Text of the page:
Clarke flags reversal of method
As India seek a reversal of fortune in the final Test of the summer at the Adelaide Oval, Michael Clarke's Australia have prepared for a reversal of method in their pursuit of a 4-0 series sweep over the visitors.
Reverse swing has been seldom glimpsed all summer on a succession of well-grassed pitches that allowed Australia's fast men to gain conventional movement through the air and off the track for most of each match. However in Adelaide, beyond the rewards to be gained in the first hour or so of play, Clarke expects a return to the subtle art of swinging the old ball, in the absence of any other assistance on what appears a typically hard, dry surface.
While India will appreciate the chance to revert to some of the skills that have served the visitors faithfully on home turf for many years, Australia are also happy to be reminded of the need for such measures - their next Test matches are in the West Indies, on pitches likely to be slower and lower than anything seen at home in this series.
"I think reverse swing will play a huge part in this Test, it always does," Clarke said. "The ground is in great nick, so the outfield will keep the ball newer than I have seen it in the past but I think as the day goes on, especially in this heat, you will see a lot of reverse swing.
"And that is why I say it's probably as close to Indian conditions as you're going to get in Australia. So as a batting unit, we have been working on that in the nets, we have faced a bit of reverse swing and a fair bit of spin, so I think our preparation has been spot on."
In recalling Nathan Lyon at the expense of the young left-armer Mitchell Starc, Clarke kept the experienced pace trio of Peter Siddle, Ben Hilfenhaus and Ryan Harris in harness, judging all had recovered sufficiently from their Perth exertions for the possible rigours of a match that invariably sees a fifth day.
All had questions of sorts to answer in the lead-up: Harris has struggled wit the physical demands of consecutive Tests, Siddle showed signs of exhaustion in Perth, and Hilfenhaus has seldom proven to be at his best in Adelaide, where the new ball movement of his stock delivery can be more fleeting than elsewhere. However Clarke pointed out that Hilfenhaus had an even more modest record in Melbourne before he scooped seven wickets for the match in a 122-run victory.
"I'll bet you it's better than his record at the MCG, where he had a horrible record, and we picked him there and he got five-for [in the first innings]," Clarke said. "I'm really confident Hilfy's at the top of his game, bowling really well and can adjust to whatever conditions he faces. He's a very good bowler with the new ball but he's also very good at bowling straight if the wicket is slow and low, and he's got great control with reverse swing as well. He'll play a big part in this Test.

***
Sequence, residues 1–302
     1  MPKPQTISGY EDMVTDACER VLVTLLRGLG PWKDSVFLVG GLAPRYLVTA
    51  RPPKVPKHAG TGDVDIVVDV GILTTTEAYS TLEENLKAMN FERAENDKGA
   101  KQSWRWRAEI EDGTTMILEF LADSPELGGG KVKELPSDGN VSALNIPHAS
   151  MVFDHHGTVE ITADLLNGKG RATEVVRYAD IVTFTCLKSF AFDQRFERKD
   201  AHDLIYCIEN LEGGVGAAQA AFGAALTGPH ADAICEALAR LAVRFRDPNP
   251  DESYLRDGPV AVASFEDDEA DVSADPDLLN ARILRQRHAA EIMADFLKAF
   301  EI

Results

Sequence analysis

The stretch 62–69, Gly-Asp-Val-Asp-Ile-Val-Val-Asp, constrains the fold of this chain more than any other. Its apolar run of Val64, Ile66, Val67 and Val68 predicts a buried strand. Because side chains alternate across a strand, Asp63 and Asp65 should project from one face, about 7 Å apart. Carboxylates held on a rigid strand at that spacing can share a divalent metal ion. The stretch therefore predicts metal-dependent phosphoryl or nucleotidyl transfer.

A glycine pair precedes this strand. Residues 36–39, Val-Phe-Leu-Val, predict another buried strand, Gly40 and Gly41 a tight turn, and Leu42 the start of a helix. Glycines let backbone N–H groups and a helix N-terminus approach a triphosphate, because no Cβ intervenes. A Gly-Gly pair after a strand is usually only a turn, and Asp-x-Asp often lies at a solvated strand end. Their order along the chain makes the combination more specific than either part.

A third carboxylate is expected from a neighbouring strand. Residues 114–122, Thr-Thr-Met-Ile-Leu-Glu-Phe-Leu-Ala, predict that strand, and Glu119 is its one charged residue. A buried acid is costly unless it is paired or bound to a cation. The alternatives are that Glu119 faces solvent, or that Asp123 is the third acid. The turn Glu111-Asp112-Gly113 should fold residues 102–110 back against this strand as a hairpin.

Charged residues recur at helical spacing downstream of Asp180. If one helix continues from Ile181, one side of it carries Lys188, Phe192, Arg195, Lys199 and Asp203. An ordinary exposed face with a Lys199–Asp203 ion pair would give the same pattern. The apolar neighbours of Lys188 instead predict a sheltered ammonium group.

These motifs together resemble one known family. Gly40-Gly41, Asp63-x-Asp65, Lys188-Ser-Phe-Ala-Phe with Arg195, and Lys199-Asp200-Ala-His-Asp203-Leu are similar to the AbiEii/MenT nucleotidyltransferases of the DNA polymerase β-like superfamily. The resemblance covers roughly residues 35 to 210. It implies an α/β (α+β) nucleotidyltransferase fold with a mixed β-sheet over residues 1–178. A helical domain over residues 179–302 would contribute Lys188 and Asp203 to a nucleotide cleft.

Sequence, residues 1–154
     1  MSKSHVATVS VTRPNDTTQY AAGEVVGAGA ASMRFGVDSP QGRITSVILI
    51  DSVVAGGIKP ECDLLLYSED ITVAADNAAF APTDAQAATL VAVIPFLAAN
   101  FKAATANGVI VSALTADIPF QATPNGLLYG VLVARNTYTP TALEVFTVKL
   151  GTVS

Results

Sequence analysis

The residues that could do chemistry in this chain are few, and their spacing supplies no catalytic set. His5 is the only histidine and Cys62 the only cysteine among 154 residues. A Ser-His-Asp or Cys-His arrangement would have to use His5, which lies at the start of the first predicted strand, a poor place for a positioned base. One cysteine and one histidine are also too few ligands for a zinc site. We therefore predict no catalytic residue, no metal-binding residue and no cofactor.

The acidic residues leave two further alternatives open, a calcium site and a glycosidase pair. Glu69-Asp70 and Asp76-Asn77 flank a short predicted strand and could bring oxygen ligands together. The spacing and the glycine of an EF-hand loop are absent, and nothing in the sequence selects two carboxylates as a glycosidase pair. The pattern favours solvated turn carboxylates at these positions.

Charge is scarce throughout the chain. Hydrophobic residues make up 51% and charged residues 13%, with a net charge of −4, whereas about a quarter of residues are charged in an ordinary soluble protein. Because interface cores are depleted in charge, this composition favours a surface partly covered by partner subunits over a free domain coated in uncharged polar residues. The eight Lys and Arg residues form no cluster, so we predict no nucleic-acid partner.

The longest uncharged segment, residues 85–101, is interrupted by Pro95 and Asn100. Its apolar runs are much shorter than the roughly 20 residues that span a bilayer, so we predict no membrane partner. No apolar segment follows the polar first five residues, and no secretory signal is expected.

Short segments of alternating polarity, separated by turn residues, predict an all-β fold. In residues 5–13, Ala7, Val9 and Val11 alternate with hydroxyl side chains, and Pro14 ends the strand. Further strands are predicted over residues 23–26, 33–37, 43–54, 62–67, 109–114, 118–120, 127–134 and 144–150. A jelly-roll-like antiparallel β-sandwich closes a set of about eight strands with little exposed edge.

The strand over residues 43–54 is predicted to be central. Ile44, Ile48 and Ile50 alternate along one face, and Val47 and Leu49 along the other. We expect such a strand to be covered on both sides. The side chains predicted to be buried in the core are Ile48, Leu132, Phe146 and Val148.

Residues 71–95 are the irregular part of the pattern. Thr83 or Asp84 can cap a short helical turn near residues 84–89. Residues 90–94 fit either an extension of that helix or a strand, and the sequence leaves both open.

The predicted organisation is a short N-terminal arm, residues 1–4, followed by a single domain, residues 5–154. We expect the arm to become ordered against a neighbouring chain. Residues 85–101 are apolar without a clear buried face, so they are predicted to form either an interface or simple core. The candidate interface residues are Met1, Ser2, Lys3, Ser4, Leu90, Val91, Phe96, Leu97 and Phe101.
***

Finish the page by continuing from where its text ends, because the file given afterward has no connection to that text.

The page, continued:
"Generally the Test match on the Adelaide Oval does go five days. So we have to have the discipline to hang in there until you get the opportunity to grab hold of some momentum. The boys are flying high on confidence but it's going to be a tough challenge. I'm certain India will be very keen to finish the series on a high. It's a great test for us as a team in what are going to be tough conditions to take 20 wickets."
Well as Australia have played at home this summer, it is a fact that the majority of conditions Clarke and his team will face overseas in years to come will be closer in character to Adelaide than elsewhere. Gautam Gambhir's talk about the preparation of "rank turners" were striking, but nothing new. To that end, the bowling coach Craig McDermott and his pace battery will, alongside Nathan Lyon, find out more about their prospects for future tours in this match than the preceding three.
"The pitches have been the same in Australia for the last two years, I think they were exactly the same against England, they were pretty similar in South Africa as well," Clarke said. "That is part of being an international sportsman, you travel the world and play in completely different conditions.
"I have played a number of times in India when the ball has spun so that will be no different next time we go there I'm sure. In my opinion, it's very hard to doctor the wicket when you're playing against very good opposition. It's about preparing a pitch and then both teams playing on it so that will be no different when we go to India and I think it has been the same in Australia for a while now, the last couple of years I have seen a little bit more grass on the pitches."
Daniel Brettig is an assistant editor at ESPNcricinfo. He tweets here